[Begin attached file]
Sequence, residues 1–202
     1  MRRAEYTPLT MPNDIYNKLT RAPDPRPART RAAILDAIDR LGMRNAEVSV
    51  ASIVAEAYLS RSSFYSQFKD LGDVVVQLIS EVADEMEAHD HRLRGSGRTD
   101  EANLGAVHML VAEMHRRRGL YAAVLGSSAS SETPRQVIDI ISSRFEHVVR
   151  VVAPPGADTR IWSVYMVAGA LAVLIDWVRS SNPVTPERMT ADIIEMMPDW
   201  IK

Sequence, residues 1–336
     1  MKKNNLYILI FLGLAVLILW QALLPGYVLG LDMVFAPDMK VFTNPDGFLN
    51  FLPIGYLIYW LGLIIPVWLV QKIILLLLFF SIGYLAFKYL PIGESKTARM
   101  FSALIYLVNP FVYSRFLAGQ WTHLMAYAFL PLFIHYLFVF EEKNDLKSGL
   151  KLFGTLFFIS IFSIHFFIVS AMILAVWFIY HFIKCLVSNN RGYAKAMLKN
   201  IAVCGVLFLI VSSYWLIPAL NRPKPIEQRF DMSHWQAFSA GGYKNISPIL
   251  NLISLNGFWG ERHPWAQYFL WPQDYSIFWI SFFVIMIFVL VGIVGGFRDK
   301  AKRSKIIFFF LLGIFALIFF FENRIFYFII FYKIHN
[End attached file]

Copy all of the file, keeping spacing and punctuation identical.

Sequence, residues 1–202
     1  MRRAEYTPLT MPNDIYNKLT RAPDPRPART RAAILDAIDR LGMRNAEVSV
    51  ASIVAEAYLS RSSFYSQFKD LGDVVVQLIS EVADEMEAHD HRLRGSGRTD
   101  EANLGAVHML VAEMHRRRGL YAAVLGSSAS SETPRQVIDI ISSRFEHVVR
   151  VVAPPGADTR IWSVYMVAGA LAVLIDWVRS SNPVTPERMT ADIIEMMPDW
   201  IK

Sequence, residues 1–336
     1  MKKNNLYILI FLGLAVLILW QALLPGYVLG LDMVFAPDMK VFTNPDGFLN
    51  FLPIGYLIYW LGLIIPVWLV QKIILLLLFF SIGYLAFKYL PIGESKTARM
   101  FSALIYLVNP FVYSRFLAGQ WTHLMAYAFL PLFIHYLFVF EEKNDLKSGL
   151  KLFGTLFFIS IFSIHFFIVS AMILAVWFIY HFIKCLVSNN RGYAKAMLKN
   201  IAVCGVLFLI VSSYWLIPAL NRPKPIEQRF DMSHWQAFSA GGYKNISPIL
   251  NLISLNGFWG ERHPWAQYFL WPQDYSIFWI SFFVIMIFVL VGIVGGFRDK
   301  AKRSKIIFFF LLGIFALIFF FENRIFYFII FYKIHN